The recent renewal of our contract to connect the lottery outlets throughout Brazil to Caixa’s data centre in Brasilia provides, first and foremost, for the maintenance of more than 14,000 already-installed connection points, and up to 4,000 additional points by the end of 2020.
Our years of international experience, investment in local technologies and methodologies, and guaranteed satellite signal reception led to us winning the public bidding. In the following interview, Jorge Najera provides more detail:
What does the contract with Caixa to connect the lottery outlets represent for BT?
Without a doubt, it is an economically important contract for us. But it’s also a chance for us to show that it can offer Brazil a series of technologies and resources that can be brought together for the perfect functioning of a complex system like the Federal Lottery operated by Caixa.
The first thing that we have to understand about this system is the enormous coverage of the network, just as extensive as Brazil itself. And while that’s obviously true, one needs to reflect a little and take into account all the aspects that this agreement encompasses. Security, for example, is a key factor because a huge amount of money circulates in this network.
What would you say are the other critical points in the case of the lottery network?
This network must not go down, ever. The availability has to be total. In fact our SLA agreement with Caixa provides for a 99.99 per cent availability. Can you imagine not being able to bet on the Mega Sena (the most popular lottery in Brazil) because the system is down? Success is related to years of international experience and, in Brazil, to the competence of our professionals and to the investments made here in innovative developments to meet specifically Brazilian conditions.
Among such developments is there one in particular that you would highlight?
Particularly in this case, which requires the intense utilisation of VSAT (Very Small Aperture Terminal) satellite connections, the implementation of a mirror installation in our teleport was very important. It ensures satellite signal reception in the most adverse climatic conditions, even in storms, guaranteeing continuity in our client’s communications.
In the event of a degradation in the link, the duplication of our teleport allows traffic to be immediately switched from the main facility in Hortolândia, in the State of São Paulo, to its ‘mirror’ in Jaguariúna, also in São Paulo, without affecting the services provided to the client.
The choice of Jaguariúna, 30 kilometres away from Hortolândia, as the ideal location for the second facility involved microclimate studies, software development and a whole series of factors. And all of this led to innovation for the benefit of our clients.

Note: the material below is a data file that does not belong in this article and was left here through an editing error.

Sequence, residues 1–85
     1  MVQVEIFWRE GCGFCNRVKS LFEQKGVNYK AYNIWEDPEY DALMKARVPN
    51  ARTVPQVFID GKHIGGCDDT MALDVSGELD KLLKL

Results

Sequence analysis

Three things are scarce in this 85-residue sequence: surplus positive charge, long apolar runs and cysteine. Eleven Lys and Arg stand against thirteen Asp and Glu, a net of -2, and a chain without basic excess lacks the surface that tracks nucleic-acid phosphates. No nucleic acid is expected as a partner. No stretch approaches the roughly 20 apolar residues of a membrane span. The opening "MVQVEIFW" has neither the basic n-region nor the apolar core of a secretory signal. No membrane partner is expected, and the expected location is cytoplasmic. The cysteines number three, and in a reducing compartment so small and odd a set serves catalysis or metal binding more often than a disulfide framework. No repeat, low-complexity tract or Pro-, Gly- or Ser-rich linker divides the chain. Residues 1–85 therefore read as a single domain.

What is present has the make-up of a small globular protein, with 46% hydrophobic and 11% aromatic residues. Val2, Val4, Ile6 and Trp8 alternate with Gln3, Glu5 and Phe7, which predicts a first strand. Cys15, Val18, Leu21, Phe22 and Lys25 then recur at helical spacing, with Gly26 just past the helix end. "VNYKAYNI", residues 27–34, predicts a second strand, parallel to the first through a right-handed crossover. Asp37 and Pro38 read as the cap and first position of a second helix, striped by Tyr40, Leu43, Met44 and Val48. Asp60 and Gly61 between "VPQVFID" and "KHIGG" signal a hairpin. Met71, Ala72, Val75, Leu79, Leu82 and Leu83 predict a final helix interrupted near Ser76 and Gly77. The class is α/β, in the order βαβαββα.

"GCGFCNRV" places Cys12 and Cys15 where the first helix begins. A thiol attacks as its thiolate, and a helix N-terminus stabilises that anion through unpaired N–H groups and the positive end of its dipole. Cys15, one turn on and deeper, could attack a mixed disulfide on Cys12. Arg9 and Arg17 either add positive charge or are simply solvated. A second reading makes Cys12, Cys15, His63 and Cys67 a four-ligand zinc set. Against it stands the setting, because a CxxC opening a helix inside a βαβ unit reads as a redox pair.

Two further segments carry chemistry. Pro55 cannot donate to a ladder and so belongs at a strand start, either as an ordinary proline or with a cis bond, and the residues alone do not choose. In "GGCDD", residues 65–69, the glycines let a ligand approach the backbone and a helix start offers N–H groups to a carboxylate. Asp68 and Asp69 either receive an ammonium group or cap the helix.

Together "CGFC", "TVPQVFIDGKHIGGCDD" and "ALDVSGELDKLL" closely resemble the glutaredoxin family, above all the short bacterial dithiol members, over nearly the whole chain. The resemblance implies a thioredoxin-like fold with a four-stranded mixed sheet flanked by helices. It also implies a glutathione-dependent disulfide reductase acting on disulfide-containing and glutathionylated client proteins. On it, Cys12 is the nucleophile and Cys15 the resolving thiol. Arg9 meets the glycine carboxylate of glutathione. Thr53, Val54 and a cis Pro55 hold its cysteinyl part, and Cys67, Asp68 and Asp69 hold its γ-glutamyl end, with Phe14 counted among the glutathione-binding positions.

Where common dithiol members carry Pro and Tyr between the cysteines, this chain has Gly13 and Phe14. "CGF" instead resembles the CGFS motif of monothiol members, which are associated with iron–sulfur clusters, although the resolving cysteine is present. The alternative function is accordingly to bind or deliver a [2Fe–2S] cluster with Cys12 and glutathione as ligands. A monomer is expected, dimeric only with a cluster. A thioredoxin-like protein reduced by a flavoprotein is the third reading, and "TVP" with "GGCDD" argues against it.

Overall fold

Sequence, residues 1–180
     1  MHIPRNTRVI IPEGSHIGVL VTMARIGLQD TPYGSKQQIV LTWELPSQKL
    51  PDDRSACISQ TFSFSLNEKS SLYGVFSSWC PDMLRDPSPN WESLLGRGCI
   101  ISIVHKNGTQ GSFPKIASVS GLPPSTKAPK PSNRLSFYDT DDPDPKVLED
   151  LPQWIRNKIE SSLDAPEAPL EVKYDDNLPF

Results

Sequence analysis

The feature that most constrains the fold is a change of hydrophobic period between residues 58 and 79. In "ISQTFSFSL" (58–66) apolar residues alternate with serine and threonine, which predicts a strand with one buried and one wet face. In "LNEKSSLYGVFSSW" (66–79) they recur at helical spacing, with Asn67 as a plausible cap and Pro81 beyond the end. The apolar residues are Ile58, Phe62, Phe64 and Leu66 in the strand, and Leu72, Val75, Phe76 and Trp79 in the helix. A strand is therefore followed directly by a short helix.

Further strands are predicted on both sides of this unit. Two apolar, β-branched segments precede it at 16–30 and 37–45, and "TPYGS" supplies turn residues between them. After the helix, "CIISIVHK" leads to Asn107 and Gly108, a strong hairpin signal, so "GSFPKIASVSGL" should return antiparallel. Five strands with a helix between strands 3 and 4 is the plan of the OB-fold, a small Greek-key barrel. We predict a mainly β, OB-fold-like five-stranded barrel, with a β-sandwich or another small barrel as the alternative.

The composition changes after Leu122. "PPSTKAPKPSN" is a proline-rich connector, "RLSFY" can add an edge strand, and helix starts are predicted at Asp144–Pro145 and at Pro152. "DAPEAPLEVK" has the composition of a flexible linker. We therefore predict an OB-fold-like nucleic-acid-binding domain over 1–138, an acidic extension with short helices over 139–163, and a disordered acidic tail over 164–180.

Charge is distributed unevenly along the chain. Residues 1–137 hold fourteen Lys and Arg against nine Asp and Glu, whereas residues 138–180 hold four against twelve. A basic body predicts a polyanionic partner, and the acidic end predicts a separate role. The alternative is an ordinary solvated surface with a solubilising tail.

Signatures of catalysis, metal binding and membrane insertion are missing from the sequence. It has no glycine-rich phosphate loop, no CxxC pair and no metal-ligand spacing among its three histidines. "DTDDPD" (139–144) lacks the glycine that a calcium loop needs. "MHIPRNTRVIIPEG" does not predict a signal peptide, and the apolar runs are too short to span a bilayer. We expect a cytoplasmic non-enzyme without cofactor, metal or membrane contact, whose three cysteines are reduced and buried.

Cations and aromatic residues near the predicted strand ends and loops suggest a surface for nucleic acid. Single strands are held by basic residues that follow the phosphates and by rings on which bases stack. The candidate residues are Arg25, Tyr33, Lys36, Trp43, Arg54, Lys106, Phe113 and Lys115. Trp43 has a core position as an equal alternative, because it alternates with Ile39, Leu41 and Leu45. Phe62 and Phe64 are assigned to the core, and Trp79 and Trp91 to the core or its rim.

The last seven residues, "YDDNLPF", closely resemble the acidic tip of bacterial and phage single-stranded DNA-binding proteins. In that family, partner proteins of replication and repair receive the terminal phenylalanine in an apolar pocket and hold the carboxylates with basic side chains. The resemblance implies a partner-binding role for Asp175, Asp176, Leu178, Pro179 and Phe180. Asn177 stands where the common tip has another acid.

I would also highlight a methodology developed by BT Brazil for the rapid and economical installation of VSAT connections, which we call VSAT Factory.
Can you comment on the social inclusion aspect that exists in Caixa’s lottery project?
There is a new word in Brazil — ‘bancarization’. It describes the entry of people into the banking system. But here we are dealing with more than that. The lottery outlets, and the corresponding workers, provide a number of services that are typical of a bank, such as the payment of social benefits. But beyond this is the fact that in many locations, the lottery outlets are the only place where the government ‘converses’ with the citizen.
In your opinion, does the presence of BT in all the Brazilian municipalities contribute to government projects with a national scope?
More and more, governments function as companies. Very often companies are leading the way in the use of digital tools to improve their performance. But governments are, by necessity, heading in this direction, and Brazil is no exception. We have many good examples of the use of digital networks for streamlining the services provided by the government to its citizens, and one of those is the network that we provide for the National Health Service in the United Kingdom — the British public health system.
The truth is that governments use more and more digital connections as a way of connecting with people and also as a way of providing information and ensuring transparency — which is indispensable for a government that seeks to win the confidence of the population, and is equally indispensable for a company that seeks to win the loyalty of the consumer for its brand.
To learn more about our work with Caixa in Brazil, visit our website.